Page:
OpenAI releases Point-E, an artificial intelligence that creates 3D models

The next breakthrough to take the AI ​​world by storm may be 3D model generators. This week, OpenAI opened source Point-E, a machine learning system that generates a 3D object in the event of a text prompt. According to a paper published alongside the codebase, Point-E can produce 3D models in one to two minutes on a single Nvidia V100 GPU.

Point-E does not create 3D objects in the traditional sense. Instead, it creates point clouds, or discrete groups of data points in space that represent a 3D shape—hence the lite acronym. (The “E” in Point-E stands for “efficiency,” ostensibly because it’s faster than previous methods for generating 3D objects.) Point clouds are easy to collect from a computational standpoint, but they don’t capture the precision of an object’s shape or texture—a major limitation of Point-E currently.

To get around this limitation, the Point-E team trained an additional AI system to convert Point-E’s point clouds into grids. (Meshes—the groups of vertices, edges, and faces that define an object—are commonly used in 3D modeling and design.) But she notes in the paper that a model can sometimes miss certain parts of objects, resulting in blocky or distorted shapes.

Image credits: Open AI

Outside of the network generation model, which stands on its own, Point-E consists of two models: a text-to-image model and an image-to-3D model. A text-to-image model, similar to generative art systems such as OpenAI’s DALL-E 2 and Stable Diffusion, was trained on labeled images to understand associations between words and visual concepts. On the other hand, the image-to-3D model was fed a set of images paired with 3D objects so that it would learn to translate effectively between the two.

When given a text prompt—for example, “3D-printable gear, one gear is 3 inches in diameter and half an inch thick”—the Text-to-Image model in Point-E creates an artificial object that is fed the image to the 3D model, which then It creates a point cloud.

After training models on a data set of “several million” 3D objects and their associated metadata, Point-E can produce colored point clouds that recursively match text prompts, OpenAI researchers say. It’s not perfect – Point-E’s image-to-3D model sometimes fails to understand the image from the text-to-image model, resulting in a shape that doesn’t match the text vector. However, it is faster than the previous latest technology – at least according to the OpenAI team.

OpenAI Point E

Convert point clouds into grids. Image credits: Open AI

“While our method performs worse in this assessment than modern techniques, it does produce samples in a fraction of the time,” they wrote in the paper. “This may make it more practical for certain applications, or it may allow for higher-quality 3D object detection.”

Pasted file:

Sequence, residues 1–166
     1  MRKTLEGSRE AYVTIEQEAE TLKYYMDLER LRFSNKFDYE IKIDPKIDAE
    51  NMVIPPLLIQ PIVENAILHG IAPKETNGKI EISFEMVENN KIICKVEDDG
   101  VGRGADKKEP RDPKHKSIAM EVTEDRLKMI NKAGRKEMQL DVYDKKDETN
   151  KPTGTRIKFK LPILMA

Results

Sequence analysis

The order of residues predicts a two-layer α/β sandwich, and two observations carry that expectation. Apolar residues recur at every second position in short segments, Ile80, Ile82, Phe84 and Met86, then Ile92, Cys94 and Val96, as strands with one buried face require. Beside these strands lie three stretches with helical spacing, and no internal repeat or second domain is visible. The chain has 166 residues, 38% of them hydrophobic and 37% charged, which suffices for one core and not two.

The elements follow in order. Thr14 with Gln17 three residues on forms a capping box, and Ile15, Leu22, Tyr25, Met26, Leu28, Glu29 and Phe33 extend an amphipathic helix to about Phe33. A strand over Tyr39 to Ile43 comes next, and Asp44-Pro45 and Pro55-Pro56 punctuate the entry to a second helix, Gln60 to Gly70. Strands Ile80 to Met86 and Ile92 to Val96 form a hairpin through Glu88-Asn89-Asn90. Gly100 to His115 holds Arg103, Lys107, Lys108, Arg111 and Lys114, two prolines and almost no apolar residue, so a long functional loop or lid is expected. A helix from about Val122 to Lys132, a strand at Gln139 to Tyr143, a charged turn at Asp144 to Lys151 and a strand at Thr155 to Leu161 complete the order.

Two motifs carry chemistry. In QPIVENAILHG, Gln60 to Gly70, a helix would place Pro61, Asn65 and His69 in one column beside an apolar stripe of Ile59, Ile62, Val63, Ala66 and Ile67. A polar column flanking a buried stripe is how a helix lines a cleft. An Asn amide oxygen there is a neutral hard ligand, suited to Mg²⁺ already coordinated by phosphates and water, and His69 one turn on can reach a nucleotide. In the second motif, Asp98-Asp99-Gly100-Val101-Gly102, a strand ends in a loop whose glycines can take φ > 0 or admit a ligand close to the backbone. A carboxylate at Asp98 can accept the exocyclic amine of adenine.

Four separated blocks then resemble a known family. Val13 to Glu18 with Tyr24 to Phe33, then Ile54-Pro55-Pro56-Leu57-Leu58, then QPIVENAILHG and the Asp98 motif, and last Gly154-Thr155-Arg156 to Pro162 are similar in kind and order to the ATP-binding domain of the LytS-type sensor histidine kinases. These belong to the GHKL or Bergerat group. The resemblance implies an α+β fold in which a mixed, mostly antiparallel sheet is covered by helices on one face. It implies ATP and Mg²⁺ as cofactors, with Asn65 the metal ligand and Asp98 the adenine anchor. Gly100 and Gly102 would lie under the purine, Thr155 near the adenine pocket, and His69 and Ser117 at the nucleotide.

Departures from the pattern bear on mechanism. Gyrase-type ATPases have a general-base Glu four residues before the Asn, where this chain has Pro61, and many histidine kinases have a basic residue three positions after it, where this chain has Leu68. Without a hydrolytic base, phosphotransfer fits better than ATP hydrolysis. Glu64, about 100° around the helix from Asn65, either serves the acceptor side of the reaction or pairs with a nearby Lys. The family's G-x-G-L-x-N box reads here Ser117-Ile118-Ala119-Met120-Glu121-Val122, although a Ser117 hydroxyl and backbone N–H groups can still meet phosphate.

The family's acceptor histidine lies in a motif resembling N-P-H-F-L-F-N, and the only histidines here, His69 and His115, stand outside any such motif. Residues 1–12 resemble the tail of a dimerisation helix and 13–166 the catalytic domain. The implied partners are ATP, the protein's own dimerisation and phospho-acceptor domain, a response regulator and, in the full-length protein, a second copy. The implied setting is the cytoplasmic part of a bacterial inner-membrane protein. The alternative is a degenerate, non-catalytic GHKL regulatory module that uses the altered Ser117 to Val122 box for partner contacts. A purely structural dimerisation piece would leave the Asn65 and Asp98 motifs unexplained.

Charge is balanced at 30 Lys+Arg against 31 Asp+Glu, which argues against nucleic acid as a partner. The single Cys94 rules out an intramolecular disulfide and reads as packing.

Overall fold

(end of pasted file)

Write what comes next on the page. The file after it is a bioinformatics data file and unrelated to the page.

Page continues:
What exactly are the applications? Well, the OpenAI researchers have pointed out that Point-E point clouds can be used to fabricate real-world objects, for example through 3D printing. With the additional network transformation model, the system – once more refined – can also find its way into game development and animation workflows.

OpenAI may be the latest company to jump into the 3D object creator fray, but — as we pointed out earlier — it certainly isn’t the first. Earlier this year, Google released DreamFusion, an expanded version of Dream Fields, a 3D system unveiled in 2021. Unlike Dream Fields, DreamFusion requires no prior training, which means it can create 3D representations of objects Without 3D data.

While all eyes are on 2D art generators right now, composite AI for models could be the next big industry disruptor. 3D models are widely used in film, television, interior design, architecture, and various fields of science. Architectural firms use them to display proposed buildings and landscapes, for example, while engineers make use of models as designs for new devices, vehicles, and structures.

OpenAI Point E

Point E failures. Image credits: Open AI

3D models typically take some time to manufacture – anywhere from several hours to several days. Artificial intelligence like Point-E could change that if the kinks are worked out one day, and make OpenAI a respectable profit doing so.

The question is what kind of intellectual property disputes might arise in time. There is a large market for 3D models, with several online marketplaces including CGStudio and CreativeMarket allowing artists to sell the content they have created. If Point-E can make its way and its models to market, model artists may protest, pointing to evidence that modern generative AI borrows heavily from its training data — existing 3D models, in the case of Point-E. Like DALL-E 2, Point-E does not attribute or quote any of the artists that may have influenced its generations.

But OpenAI will leave this issue for another day. Point-E’s paper or GitHub page made no mention of copyright.

To their credit, the researchers an act stated that they expected Point-E to suffer from else Problems, such as biases inherited from training data and lack of guarantees about which models can be used to create “dangerous things”. Perhaps that’s why they’re keen to describe Point-E as a “starting point” that they hope will inspire “further work” in the field of text-to-3D synthesis.

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